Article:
• -Uses concrete, specific nouns and adjectives
• -Uses strong verbs to form the writing’s backbone; verbs must show action and emotion


The other day, former student who is now a senior in college asked me to send this list to her. On my Facebook Profile page she said, "Mrs. C- I am tutoring at CNU's writing center and have to do a presentation on making writing "concise and precise." Could you send me a copy of your taboo words list please? It has been and will continue to be the best advice on writing well that I've found " (Olga S). 

When this Taboo Words and Phrases list impacts your students' thinking and writing, their eyes will sparkle with that, "I get it" light that we teachers love like it did-and still does- for Olga. Like with her, it will become a lifelong tool, too.


Download it from http://www.teacherspayteachers.com/Product/Writing-Just-Say-NO-to-Dull-Writing-1555338.


May all of your teaching hours be Happy!.

Happy Teaching,










Note: for another lesson which is also a part of The House of Comprehension's 'Chapter 2 - The Foundation,' try my Primary FreebieLanguage Arts Comprehension Check:Ten Sentence Format.
http://www.teacherspayteachers.com/Product/Language-Arts-Comprehension-CheckTen-Sentence-Format-16081


Language Arts Comprehension Check:Ten Sentence Format




Sunday, November 2, 2014

Set Stress on Fire With These two Giveaways

Who doesn't love a Giveaway?  Then TWO Giveaways will definitely light your fire. Starting tomorrow, November 2, 2014, teachers will have a chance to toss their stress into a bonfire hosted by Danielle Knight and Juggling ELA.

Love The Hunger Games and other dystopian novels? Then check out the materials that 13 TpT sellers have donated for  The Hunger Games Giveaway raffle. One winner will receive 2 movie tickets to Mockingjay plus 13 Freebie lessons totalling $150.00 in all.


The second raffle,  Go Away Stress! also hosted by Danielle Knight and Juggling ELA offers 20 lessons, activities, etc. from 20 TpT sellers and a $10.00 Starbucks gift card.



The WINNER for each raffle will be announced on

 Sunday, November 16, 2014 at 6 PM EST.


Check out Danielle Knight's blogs
http://studyallknight.blogspot.com/2014/11/GoAwayStressGiveaway.html , and
http://studyallknight.blogspot.com/2014/11/TheHungerGamesGiveaway.html
for all of the details and the ALL-IMPORTANT Rafflecopter entry form.


Danielle Knight and Juggling ELA have organized an incredible Giveaway for you all.



Here are their TpT Stores
http://www.teacherspayteachers.com/Store/Danielle-Knight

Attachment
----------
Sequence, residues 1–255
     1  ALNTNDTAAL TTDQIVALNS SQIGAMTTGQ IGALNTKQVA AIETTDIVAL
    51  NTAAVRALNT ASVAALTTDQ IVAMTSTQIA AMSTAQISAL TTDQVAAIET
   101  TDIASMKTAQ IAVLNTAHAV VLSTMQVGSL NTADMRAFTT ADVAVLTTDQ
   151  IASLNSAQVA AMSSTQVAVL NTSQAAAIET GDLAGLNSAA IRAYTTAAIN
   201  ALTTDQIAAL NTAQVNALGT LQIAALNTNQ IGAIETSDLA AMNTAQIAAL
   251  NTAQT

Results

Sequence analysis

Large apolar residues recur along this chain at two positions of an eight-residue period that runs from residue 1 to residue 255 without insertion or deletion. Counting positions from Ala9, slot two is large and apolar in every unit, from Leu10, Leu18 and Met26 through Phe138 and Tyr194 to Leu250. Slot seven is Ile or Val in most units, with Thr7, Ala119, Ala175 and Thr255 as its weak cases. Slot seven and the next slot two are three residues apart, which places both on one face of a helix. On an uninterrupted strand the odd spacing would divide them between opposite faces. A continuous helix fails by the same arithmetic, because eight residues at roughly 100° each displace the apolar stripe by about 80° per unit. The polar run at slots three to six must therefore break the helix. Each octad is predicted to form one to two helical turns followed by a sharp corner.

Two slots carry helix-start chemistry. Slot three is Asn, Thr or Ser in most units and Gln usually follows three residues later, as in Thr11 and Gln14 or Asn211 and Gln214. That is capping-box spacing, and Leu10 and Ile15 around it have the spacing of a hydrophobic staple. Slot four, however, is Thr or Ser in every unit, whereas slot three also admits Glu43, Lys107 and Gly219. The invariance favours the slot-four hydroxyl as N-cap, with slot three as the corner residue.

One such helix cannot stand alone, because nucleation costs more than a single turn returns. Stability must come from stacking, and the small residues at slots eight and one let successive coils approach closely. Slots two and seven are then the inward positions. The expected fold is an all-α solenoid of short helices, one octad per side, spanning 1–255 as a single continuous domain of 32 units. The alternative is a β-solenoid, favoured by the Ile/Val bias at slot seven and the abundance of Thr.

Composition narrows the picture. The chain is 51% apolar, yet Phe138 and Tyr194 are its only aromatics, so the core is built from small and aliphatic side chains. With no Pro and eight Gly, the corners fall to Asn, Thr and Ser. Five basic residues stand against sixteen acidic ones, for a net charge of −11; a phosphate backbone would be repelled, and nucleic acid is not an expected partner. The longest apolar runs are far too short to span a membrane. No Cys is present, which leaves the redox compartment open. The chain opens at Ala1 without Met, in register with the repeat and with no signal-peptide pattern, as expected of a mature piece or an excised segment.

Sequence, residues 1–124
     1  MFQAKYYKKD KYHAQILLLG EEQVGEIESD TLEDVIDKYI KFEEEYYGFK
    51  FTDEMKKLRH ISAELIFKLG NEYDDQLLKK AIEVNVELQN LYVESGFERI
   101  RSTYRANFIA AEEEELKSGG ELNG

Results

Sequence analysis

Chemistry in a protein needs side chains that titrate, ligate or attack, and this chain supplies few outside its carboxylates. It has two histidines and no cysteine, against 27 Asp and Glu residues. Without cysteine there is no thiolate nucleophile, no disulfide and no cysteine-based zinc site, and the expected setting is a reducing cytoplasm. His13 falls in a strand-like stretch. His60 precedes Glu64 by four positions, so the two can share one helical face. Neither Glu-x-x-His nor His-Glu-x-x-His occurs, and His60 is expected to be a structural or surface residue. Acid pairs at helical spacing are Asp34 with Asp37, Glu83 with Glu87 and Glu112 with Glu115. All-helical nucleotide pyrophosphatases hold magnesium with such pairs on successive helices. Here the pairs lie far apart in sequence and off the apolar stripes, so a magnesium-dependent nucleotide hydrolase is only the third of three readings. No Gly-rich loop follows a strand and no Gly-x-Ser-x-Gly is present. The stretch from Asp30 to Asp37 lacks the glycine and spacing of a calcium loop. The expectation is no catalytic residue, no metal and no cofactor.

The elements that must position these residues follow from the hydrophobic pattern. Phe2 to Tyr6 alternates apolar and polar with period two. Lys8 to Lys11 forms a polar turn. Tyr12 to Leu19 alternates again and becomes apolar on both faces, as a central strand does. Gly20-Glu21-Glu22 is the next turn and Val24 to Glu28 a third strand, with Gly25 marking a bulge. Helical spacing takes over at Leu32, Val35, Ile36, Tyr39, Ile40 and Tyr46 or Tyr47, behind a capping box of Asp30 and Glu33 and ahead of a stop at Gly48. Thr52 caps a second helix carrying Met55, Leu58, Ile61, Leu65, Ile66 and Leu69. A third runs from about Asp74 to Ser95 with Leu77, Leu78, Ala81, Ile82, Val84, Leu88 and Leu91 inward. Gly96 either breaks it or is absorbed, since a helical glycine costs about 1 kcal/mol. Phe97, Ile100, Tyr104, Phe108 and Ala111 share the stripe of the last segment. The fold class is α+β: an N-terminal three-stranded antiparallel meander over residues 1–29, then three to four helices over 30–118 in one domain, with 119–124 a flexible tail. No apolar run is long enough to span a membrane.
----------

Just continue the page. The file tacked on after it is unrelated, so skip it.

http://www.teacherspayteachers.com/Store/Juggling-Ela
I donated a product for each Giveaway, too, but I don't want to ruin their Giveaway surprises before November 16th.  I'd love for you all to drop by my TpT store http://www.teacherspayteachers.com/Store/Connie and stock up on some engaging lessons so you can get fired up like Katniss, "the girl on fire" and give youself  a chance to start lessening your stress.
Here are two ideas that fit both of these Giveaways:
Comprehension,Writing and Thinking- A Thanksgiving Cornucopia of Activities which I blogged about on October 29th

Spice Up Thanksgiving with This Cornucopia of English Language Arts Activities

http://www.teacherspayteachers.com/Product/Comprehension-Writing-and-Thinking-A-Thanksgiving-Cornucopia-of-Activities-1523123
Comprehension,Writing and Thinking- A Thanksgiving Cornucopia of Activities
and Teacher Resource - Dystopian Novels Generate a Teacher Utopia, the focus of my October 16th post, Dystopian Novels Generate a Teacher Utopia 16+ Teaching Ideas
http://www.teacherspayteachers.com/Product/Teacher-Resource-Dystopian-Novels-Generate-a-Teacher-Utopia-1502333
As always, thank you for stopping by.  Now click on over to Danielle's and Juggling ELA's blogs for more details about these awesome giveaways and Enter, Enter, Enter!
Happy Teaching,

Wednesday, October 29, 2014

Spice Up Thanksgiving with This Cornucopia of English Language Arts Activities



Comprehension, Writing and Thinking- A Thanksgiving Cornucopia of Activities
 With Halloween on the horizon, that means that Thanksgiving is right around the corner. This trio of lessons, Comprehension, Writing and Thinking- A Thanksgiving Cornucopia of Activities, will keep middle and high school students engaged and practicing their comprehension, writing and higher level thinking skills as they await their much anticipated vacation.